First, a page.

“Dark Ride Deception,” published in September, describes a technology that gives visitors a virtual reality experience—without goggles. The Walt Disney Company received a patent for such technology three months later.
According to The Los Angeles Daily News, the Walt Disney Company was granted a patent on Dec. 28 by the U.S. Patent and Trademark Office for a technology that enables users to experience a 3D world without glasses, goggles or digital devices.
“Dark Ride Deception,” describes an advanced technology that is stolen from Nostalgia City, an Arizona theme park. The stolen secrets allow park guests to experience virtual reality without goggles.
The Disney technology, according to the Daily News story, is called a Virtual World Simulator. The stolen Nostalgia City tech is called the Perception Deception Effect.
Since my first Nostalgia City novel I’ve been following the development of amusement park attractions. I never read anything about this new Disney technology, however; but it’s the next logical step in virtual reality. Inventing the Perception Deception Effect just made sense.
In the book, a brilliant theme park engineer disappears, along with details of his ground-breaking technology—before the plans can be patented. Nostalgia City employee and ex-cop, Lyle Deming, is tasked with finding the missing engineer and recovering the secrets.
Critical details of the Perception Deception Effect are known only to the missing engineer, Tom Wyrick. Deming speculates that Wyrick was either kidnapped or killed to obtain the secrets or that he plans to sell his inventions to the highest bidder.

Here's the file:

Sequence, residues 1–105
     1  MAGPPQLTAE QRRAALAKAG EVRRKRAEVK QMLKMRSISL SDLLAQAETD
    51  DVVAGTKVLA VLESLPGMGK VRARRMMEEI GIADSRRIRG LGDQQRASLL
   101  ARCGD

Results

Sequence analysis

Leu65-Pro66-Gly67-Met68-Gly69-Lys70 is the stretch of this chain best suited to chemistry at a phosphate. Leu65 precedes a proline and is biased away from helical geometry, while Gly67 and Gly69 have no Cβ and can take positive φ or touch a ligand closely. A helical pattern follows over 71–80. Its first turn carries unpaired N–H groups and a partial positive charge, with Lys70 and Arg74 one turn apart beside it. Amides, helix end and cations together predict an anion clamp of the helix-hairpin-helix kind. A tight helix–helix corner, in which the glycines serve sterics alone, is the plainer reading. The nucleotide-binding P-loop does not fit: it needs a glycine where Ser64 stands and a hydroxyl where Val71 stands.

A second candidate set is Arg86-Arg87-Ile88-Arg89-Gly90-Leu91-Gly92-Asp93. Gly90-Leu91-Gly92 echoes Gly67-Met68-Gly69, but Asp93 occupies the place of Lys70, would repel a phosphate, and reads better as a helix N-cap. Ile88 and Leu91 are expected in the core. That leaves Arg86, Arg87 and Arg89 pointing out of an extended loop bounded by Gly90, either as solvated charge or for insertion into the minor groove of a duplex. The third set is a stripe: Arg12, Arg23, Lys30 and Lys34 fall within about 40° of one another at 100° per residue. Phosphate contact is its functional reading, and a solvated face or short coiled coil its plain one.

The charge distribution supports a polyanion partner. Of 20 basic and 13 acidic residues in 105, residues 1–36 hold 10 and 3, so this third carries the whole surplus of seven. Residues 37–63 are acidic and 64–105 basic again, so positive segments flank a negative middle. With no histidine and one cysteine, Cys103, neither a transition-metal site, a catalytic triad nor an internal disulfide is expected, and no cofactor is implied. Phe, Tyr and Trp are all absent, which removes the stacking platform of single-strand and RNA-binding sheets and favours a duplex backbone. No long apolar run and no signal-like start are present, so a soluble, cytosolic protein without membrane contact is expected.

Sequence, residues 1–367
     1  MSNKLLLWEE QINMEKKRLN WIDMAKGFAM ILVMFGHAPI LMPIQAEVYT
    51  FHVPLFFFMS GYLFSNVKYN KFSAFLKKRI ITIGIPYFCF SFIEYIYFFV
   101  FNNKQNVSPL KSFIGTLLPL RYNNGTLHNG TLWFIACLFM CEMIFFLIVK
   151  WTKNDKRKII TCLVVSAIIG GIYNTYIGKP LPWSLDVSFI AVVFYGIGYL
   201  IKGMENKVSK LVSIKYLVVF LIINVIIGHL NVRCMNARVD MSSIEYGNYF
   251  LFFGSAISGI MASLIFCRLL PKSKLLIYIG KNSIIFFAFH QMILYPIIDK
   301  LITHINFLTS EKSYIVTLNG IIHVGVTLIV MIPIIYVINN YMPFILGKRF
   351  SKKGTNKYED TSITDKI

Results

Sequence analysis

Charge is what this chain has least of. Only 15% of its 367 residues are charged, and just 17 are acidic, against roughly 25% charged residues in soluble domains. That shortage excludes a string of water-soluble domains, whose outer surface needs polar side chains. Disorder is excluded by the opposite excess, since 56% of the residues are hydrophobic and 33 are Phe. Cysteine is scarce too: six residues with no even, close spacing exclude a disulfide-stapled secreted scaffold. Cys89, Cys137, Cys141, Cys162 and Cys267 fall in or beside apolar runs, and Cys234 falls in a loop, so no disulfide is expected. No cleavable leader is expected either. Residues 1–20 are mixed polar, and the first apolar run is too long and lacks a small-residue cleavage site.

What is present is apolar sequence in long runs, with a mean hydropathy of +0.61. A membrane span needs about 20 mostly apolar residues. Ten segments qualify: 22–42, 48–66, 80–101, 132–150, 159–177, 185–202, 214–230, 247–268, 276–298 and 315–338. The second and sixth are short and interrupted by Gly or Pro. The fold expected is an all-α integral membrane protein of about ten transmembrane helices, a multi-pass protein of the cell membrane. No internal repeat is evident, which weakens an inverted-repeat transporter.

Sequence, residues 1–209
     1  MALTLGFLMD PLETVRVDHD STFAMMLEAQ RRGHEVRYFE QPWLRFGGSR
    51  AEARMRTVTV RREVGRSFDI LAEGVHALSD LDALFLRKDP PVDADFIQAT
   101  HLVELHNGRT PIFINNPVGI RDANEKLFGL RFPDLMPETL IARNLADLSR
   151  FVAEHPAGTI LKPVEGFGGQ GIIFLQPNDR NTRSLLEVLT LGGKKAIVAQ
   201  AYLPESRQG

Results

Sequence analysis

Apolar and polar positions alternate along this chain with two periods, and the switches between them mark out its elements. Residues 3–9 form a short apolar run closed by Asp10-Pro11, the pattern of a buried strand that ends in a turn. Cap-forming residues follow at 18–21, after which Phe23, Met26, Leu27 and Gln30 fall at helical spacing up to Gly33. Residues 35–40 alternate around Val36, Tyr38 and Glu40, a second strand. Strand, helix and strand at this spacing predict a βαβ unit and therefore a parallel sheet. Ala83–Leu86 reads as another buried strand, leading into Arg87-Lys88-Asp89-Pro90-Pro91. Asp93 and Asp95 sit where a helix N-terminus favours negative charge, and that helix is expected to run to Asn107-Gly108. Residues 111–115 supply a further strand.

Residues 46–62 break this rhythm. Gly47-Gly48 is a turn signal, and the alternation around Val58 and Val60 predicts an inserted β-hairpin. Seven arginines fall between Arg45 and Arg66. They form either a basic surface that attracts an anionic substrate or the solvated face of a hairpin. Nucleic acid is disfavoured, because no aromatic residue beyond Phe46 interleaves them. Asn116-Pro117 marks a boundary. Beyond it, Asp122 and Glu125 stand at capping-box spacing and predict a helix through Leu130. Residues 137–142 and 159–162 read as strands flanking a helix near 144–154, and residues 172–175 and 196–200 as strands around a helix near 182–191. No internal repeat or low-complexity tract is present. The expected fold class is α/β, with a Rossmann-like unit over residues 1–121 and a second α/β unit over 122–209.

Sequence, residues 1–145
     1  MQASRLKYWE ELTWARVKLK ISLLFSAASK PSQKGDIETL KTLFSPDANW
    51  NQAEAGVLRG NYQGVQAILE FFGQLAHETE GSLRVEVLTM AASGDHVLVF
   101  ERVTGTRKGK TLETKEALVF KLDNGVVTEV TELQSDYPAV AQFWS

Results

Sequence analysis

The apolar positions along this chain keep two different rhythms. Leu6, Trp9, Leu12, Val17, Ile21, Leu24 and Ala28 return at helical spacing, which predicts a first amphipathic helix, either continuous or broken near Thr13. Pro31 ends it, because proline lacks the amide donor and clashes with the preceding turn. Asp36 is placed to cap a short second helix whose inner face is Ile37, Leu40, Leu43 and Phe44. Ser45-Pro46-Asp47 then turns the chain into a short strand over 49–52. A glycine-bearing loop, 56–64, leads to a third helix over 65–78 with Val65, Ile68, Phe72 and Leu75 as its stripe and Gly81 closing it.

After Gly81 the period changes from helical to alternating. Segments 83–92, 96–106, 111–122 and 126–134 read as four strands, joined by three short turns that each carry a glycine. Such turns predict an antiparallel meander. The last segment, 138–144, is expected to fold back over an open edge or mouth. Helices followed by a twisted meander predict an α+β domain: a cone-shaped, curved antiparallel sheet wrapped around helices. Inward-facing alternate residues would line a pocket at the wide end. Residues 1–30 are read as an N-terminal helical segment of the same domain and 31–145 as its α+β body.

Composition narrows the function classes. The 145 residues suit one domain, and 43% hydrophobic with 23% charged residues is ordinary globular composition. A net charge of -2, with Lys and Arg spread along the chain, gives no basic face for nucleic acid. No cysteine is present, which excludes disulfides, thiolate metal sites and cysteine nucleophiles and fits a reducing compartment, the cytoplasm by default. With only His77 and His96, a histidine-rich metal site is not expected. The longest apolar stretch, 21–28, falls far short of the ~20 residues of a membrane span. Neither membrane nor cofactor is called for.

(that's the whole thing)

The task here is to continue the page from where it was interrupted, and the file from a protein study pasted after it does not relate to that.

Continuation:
“What’s he going to do,” Deming asks, “start his own theme park?”
When I wrote the book, I thought theme park rides needed to be bumped to a higher technological level. Apparently, so did Disney.
Looking for the second half of Hitchcock’s Sabotage?
The first half of my review of the Hitchcock film had a bunch of words unnecessarily underlined in the email version. Distracting. It doesn’t show up in the WordPress editor or in the web version of the story.
The second half of the review will be published soon. And it will be linked to the online version of the first half. Stay tuned.
Mark Bacon may be the next H.G. Wells!
Mark, your ongoing research and creativity have obviously contributed to you success. These attributes are certainly commendable. I suppose ‘Disney’ would never suggest that someone else may have considered this first…but I think that’s OK.